Skip to Content


In the first part of this series we have investigated the IN-LISTs and how the Oracle optimizer has estimated the correct amount of rows (cardinality) or not. Unfortunately the SQLs are not that easy in real world. So our basic algebra exercise (especially if we don’t know the data that well) will not cover most of the real world performance issues. There are also other optimizations (like query rewrite, pushing predicates, eliminations, etc.) which makes it even harder to calculate the real amount of processed data for each execution plan step.

In conclusion we need some advanced “tools” (or better said more information in the basic tools) to verify and find where the optimizer is way off by calculation the cardinality. Just think about joining several tables, using indexes, views or especially BW generated queries (sometimes these queries look like from outer space 😈 ).

This blog tries to demonstrate one possibility to extend the execution plan with run time information, so we can identify the CBO miscalculation and provide a solution afterwards.

Extending the execution plan

Basically we can classify it into three main possibilities:

1. SQL Trace

This is the oldest and well known way. You can define the level of information (binds, waits, etc.) in detail by enabling a SQL trace on database level and analyze them afterwards. Usually the event 10046 or the PL/SQL packages DBMS_SYSTEM, DBMS_SUPPORT or DBMS_MONITOR are used for enabling and disabling a SQL trace. The trace file can become very large (depending on the tracing level) with the overhead of tracing all that information.

2. SQL execution statistics

If you have identified your slow SQL, you can rerun it with the init parameter statistics_level set to ALL or with the gather_plan_statistics hint. If you run the SQL with one of these settings you will get additional run time information like actual rows, logical and physical I/O for each execution step. Unfortunately this information is only published after the SQL is executed completely. So you are still in trouble with never ending or aborting SQLs (very common in SAP BW systems).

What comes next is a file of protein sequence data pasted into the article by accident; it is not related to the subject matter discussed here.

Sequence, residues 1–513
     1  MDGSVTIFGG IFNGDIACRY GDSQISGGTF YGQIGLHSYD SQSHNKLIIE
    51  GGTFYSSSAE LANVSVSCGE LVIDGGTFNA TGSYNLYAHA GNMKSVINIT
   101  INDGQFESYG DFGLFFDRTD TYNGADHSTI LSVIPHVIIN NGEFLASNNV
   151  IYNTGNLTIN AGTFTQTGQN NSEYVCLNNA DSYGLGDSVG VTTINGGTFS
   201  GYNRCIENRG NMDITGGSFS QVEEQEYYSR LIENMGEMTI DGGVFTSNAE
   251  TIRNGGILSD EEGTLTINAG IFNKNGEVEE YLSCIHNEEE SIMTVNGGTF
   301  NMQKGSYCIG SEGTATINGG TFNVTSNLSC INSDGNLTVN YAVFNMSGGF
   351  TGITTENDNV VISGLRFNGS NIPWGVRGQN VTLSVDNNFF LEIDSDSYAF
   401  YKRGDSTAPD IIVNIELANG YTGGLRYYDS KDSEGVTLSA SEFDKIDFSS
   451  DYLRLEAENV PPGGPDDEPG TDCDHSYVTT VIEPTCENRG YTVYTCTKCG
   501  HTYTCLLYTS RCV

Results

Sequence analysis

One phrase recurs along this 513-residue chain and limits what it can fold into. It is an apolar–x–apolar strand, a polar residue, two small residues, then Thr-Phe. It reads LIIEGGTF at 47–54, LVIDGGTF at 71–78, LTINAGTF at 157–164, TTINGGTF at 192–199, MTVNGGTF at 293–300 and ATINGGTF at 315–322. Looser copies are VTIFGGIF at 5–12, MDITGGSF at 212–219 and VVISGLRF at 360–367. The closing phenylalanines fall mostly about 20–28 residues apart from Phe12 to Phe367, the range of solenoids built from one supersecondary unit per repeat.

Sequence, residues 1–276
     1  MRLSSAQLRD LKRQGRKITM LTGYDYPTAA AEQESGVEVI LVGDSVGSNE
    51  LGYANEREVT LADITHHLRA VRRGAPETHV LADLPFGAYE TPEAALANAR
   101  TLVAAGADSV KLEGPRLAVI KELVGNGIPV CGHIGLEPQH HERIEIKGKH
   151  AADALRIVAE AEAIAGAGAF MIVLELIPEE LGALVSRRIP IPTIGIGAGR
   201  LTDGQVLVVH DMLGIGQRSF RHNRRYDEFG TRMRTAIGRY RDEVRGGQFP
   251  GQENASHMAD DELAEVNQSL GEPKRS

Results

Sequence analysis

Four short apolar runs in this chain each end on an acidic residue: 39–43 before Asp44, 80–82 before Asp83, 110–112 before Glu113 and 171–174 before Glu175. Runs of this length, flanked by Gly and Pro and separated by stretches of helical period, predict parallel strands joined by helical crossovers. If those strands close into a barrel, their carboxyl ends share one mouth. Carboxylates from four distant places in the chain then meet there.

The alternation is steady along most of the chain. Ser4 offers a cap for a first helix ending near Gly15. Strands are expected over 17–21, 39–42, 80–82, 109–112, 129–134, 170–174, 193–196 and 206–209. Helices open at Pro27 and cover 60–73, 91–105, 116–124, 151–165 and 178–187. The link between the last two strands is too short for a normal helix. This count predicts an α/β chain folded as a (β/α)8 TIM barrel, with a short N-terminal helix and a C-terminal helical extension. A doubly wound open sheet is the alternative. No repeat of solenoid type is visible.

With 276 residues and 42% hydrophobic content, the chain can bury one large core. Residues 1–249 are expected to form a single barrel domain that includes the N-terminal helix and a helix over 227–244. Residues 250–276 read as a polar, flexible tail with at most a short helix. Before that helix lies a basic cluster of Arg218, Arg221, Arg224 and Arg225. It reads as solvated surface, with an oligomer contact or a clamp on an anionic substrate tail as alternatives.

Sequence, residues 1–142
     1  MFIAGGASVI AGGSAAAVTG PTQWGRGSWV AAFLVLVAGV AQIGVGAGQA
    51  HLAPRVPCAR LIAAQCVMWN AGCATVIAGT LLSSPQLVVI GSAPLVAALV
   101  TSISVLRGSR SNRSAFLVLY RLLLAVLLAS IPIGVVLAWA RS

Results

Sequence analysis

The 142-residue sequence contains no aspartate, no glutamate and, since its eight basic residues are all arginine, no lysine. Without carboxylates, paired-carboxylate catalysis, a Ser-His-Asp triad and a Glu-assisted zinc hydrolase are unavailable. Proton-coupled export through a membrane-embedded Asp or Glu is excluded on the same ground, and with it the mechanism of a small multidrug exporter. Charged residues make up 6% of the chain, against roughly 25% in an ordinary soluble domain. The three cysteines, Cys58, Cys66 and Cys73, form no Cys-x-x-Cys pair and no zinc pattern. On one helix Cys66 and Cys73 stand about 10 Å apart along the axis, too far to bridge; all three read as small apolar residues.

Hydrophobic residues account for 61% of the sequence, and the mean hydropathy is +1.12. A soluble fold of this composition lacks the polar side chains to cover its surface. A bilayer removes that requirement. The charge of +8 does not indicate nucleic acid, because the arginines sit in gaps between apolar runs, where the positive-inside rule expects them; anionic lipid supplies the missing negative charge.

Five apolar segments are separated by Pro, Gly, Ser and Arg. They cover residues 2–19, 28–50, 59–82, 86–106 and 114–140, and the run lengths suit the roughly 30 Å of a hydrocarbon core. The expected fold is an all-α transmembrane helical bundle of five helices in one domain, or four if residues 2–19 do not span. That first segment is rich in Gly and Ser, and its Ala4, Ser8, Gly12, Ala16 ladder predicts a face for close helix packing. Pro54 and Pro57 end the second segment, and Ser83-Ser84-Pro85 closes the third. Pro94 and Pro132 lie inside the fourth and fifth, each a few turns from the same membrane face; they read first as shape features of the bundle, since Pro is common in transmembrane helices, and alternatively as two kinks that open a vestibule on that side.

3. Real-Time SQL Monitoring

This feature was introduced in Oracle 11g and closes the gap, that you still have with the SQL execution statistics. You need the diagnostic and tuning pack for this feature, which is already included, if you purchase your oracle license by SAP. However with the help of this feature you can monitor or better said get the execution statistics of “long” running queries in real time. This feature is very useful in SAP BW environments, if temporary BW tables are included and we are not able to reconstruct the SQL manually afterwards. Using the web interface (Oracle database control) is a very comfortable way for this features.

This blog will focus on point 2 “SQL execution statistics”, because of i mostly use this approach for trouble shooting SQL execution plans in a SAP environment (especially in OLTP systems). I usually trace the SQL bind variables by transaction ST05 and rebuild that particular SQL in SQL*Plus afterwards. This is the easiest way (for me) to identify and fix the problem in most cases.

The following example will focus on the cardinality estimation (= amount of returned rows) only, because of the execution statistics provide a lot of more information, which would overcharge this blog. If you are interested into any other metrics of the “extended” execution statistics, please let me know and i can focus on that in one of my next blogs.

The example

Let’s start with the previous example (but with more rows) once again.The demos are run on an Oracle database.

SQL> create table ZTEST as select trunc(dbms_random.value(1,6)) col
            from dba_objects where rownum <=1000;
SQL> exec dbms_stats.gather_table_stats(NULL,'ZTEST');
SQL> var val1 number;
SQL> var val2 number;
SQL> var val3 number;
SQL> exec :val1 := 1;
SQL> exec :val2 := 1;
SQL> exec :val3 := 1;